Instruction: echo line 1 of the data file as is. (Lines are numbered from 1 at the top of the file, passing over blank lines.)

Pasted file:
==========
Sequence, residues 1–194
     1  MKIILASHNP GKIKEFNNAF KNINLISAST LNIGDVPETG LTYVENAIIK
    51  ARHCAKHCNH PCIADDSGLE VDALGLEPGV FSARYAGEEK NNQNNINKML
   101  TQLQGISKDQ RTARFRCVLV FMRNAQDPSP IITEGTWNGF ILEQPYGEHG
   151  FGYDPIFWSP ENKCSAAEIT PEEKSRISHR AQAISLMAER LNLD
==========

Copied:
Sequence, residues 1–194